BEST FIRST-ROUND DRAFT PICK: Darrell Green. Washington celebrated its first Super Bowl victory by taking a building block for its next two with the final first-round pick in 1983. Selected immediately after Miami got Dan Marino, Green started right away and was a mainstay in the Redskins secondary for almost two decades. He was an All-Pro on the 1991 championship team and was inducted into the Pro Football Hall of Fame in 2008. Sammy Baugh (sixth overall in 1937), Charley Taylor (third in 1964), Art Monk (18th in 1980) and Champ Bailey (seventh in 1999) also became Hall of Famers.
BEST SECOND-ROUND PICK: Paul Krause. The Redskins have one of the NFL’s worst track records in the second round, though Krause intercepted 28 passes in his first four seasons after being the 18th overall pick in 1964. Krause was a two-time All-Pro with Washington but had his best days after being traded to the Minnesota Vikings in 1968. The playmaking safety went into the Hall of Fame in 1998 and still holds the NFL record with 81 career interceptions. Kicker Chip Lohmiller (55th overall in 1988) is a distant second place among Redskins second-rounders.
BEST LATE-ROUND DRAFT PICK: Chris Hanburger. With their 18th-round pick — 245th overall — in 1965, Washington got a 13-year starter at linebacker who’d become a four-time All-Pro. Hanburger started 135 consecutive games from 1968-77, a streak that ended only when he had his appendix removed. Along with Jack Pardee, Hanburger was part of the defense that helped the Redskins reach their first Super Bowl, and he was inducted into the Hall of Fame as a senior candidate in 2011. Guard Russ Grimm (69th overall in 1981) was part of the famed “Hogs” offensive line that paved the way for three Super Bowl titles.
WORST FIRST-ROUND DRAFT PICK: Heath Shuler. The third overall pick in 1994 started only 13 games for the Redskins, completing 47.7% of his passes and throwing for 13 touchdowns and 19 interceptions. Washington lost nine of those games, and it was clear its glory days were over. One more season with New Orleans didn’t go much better for Shuler, who went on to serve in Congress and if not for Ryan Leaf would be in the discussion as the biggest QB bust in NFL draft history. Robert Griffin III takes a lot of heat, but that should be more for what the Redskins gave up to move up to take him second in 2012 and how his injuries were mismanaged.
WORST SECOND-ROUND DRAFT PICK: Malcolm Kelly. Washington’s franchise-long track record for botching second-round picks hit its peak in 2008 with selections of receiver Devin Thomas 34th, tight end Fred Davis 48th and Kelly 51st. Davis had six respectable seasons and Thomas went on to be an effective special teams player elsewhere, but Kelly’s career was derailed by injuries after just 28 catches in 21 games. Each era has included plenty of bad second-round picks, from Jim Staton and Ed Salem in 1951 to Su’a Cravens in 2016.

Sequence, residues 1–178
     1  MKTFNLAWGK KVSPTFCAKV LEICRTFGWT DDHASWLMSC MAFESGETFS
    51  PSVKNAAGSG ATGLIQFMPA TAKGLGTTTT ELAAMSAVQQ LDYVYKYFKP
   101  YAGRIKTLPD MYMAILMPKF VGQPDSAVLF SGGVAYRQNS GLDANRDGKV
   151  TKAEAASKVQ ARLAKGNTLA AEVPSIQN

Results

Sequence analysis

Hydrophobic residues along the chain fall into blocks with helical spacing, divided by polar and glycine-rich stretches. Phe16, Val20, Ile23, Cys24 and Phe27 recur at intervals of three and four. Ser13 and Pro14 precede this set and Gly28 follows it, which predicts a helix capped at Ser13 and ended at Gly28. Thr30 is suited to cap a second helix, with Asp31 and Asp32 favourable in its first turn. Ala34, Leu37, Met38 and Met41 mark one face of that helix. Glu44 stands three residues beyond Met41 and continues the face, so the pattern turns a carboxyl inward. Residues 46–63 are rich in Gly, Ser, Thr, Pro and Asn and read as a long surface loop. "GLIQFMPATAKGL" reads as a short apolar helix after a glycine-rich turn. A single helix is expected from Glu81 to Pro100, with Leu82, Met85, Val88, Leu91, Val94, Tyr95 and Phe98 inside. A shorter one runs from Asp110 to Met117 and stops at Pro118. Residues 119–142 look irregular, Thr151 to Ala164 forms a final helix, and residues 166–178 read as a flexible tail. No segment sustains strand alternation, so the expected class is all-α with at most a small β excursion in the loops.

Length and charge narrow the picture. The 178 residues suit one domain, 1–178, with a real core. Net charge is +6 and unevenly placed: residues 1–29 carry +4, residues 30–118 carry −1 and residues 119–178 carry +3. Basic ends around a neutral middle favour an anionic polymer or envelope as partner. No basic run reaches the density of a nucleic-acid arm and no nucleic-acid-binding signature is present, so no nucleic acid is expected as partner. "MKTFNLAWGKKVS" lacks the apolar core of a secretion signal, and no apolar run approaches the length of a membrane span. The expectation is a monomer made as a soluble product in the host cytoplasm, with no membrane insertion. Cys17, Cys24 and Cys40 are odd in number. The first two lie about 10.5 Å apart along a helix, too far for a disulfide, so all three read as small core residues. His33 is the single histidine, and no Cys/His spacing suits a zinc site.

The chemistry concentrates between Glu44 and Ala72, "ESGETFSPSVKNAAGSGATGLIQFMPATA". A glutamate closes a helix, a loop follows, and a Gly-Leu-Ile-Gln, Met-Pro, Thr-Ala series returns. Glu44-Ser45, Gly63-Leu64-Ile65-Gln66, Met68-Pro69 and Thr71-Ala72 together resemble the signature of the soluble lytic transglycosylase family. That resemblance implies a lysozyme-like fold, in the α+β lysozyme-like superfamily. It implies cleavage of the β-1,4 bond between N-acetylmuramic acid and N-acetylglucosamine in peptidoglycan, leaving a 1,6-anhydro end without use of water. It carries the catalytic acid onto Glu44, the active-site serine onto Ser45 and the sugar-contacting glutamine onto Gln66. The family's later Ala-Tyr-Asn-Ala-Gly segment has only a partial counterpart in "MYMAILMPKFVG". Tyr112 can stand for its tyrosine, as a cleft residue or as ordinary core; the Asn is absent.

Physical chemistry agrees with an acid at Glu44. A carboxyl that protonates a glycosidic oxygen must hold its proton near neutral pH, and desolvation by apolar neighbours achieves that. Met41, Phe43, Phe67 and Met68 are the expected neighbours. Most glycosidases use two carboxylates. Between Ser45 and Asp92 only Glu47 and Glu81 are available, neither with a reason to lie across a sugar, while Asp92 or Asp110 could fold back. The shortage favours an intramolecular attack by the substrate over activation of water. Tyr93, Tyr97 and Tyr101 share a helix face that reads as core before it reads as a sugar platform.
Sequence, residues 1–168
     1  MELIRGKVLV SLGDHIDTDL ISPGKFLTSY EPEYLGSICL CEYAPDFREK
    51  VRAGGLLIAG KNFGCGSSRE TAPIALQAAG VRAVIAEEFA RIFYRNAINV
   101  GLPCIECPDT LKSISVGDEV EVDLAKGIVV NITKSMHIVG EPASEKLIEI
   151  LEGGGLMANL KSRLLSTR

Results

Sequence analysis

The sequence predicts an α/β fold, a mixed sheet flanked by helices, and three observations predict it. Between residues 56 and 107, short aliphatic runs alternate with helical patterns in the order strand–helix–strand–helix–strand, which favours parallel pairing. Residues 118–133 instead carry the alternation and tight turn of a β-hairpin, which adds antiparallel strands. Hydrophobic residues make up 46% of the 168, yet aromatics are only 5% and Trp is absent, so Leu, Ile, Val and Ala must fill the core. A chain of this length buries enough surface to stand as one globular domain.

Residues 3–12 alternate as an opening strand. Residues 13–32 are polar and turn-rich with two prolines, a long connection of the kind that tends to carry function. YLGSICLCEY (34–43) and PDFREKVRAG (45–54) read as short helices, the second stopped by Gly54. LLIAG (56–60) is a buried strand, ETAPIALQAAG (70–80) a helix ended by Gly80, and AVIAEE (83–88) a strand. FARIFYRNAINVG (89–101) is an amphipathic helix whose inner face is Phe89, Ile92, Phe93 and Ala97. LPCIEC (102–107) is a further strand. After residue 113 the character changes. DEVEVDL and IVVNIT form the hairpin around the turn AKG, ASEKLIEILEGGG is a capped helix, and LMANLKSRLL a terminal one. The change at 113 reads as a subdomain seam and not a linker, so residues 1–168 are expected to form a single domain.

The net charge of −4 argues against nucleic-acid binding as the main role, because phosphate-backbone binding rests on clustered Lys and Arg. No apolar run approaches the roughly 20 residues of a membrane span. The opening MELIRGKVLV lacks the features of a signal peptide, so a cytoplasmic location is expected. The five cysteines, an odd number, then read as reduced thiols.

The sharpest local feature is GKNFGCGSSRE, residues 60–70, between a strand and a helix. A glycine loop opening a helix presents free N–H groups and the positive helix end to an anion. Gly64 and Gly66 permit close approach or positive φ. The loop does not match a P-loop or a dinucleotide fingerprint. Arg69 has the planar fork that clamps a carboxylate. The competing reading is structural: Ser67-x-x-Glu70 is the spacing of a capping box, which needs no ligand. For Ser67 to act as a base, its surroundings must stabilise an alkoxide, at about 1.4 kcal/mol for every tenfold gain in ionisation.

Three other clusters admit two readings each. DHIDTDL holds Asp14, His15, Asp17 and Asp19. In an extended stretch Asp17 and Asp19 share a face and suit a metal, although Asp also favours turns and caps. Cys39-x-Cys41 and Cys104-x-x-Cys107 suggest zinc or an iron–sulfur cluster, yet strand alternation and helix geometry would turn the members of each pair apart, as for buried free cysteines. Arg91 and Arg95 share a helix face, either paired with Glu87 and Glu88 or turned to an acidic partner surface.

BEST DRAFT TRADE: The Ricky Williams trade. The Redskins got eight picks, including two first-rounders, from New Orleans for moving down from No. 5 to No. 12 in 1999. Thanks to the Saints’ desperation for Williams, Washington had the capital to move back up to take Bailey seventh overall and selected linebacker LaVar Arrington with the second overall pick in 2000.
WORST DRAFT TRADE: The RGIII trade. To get Griffin at No. 2 in 2012, Washington traded the No. 6 pick and its second-rounder that year plus first-rounders in 2013 and 2014 to the Rams. Griffin’s magical rookie season led to a playoff berth, but the depth depleted by the trade hurts the Redskins to this day. Not to mention, Ryan Tannehill went eighth, Russell Wilson 75th and Nick Foles 88th in the quarterback-heavy draft, but at least the Redskins got Kirk Cousins 102nd with one of the picks they didn’t deal away.
DID YOU KNOW THEY ONCE DRAFTED?: Keenan McCardell. The receiver out of UNLV would’ve been a steal with a 12th-round pick, 326th overall, in 1991 if the Redskins didn’t cut him after one season on injured reserve. McCardell went on to play parts of 16 NFL seasons with his best time in Jacksonville and actually finished his career with Washington in 2007.
LAST YEAR’S PICKS (Round, Name, Position, School): 1st, Dwayne Haskins, QB, Ohio State; 1st, Montez Sweat, LB, Mississippi State; 3rd, Terry McLaurin, WR, Ohio State; 4th, Bryce Love, RB, Stanford; 4th, Wes Martin, G, Indiana; 5th, Ross Pierschbacher, C, Alabama; 5th, Cole Holcomb, LB, North Carolina; 6th, Kelvin Harmon, WR, NC State; 7th, Jimmy Moreland, CB, James Madison; 7th, Jordan Brailford, LB, Oklahoma State.
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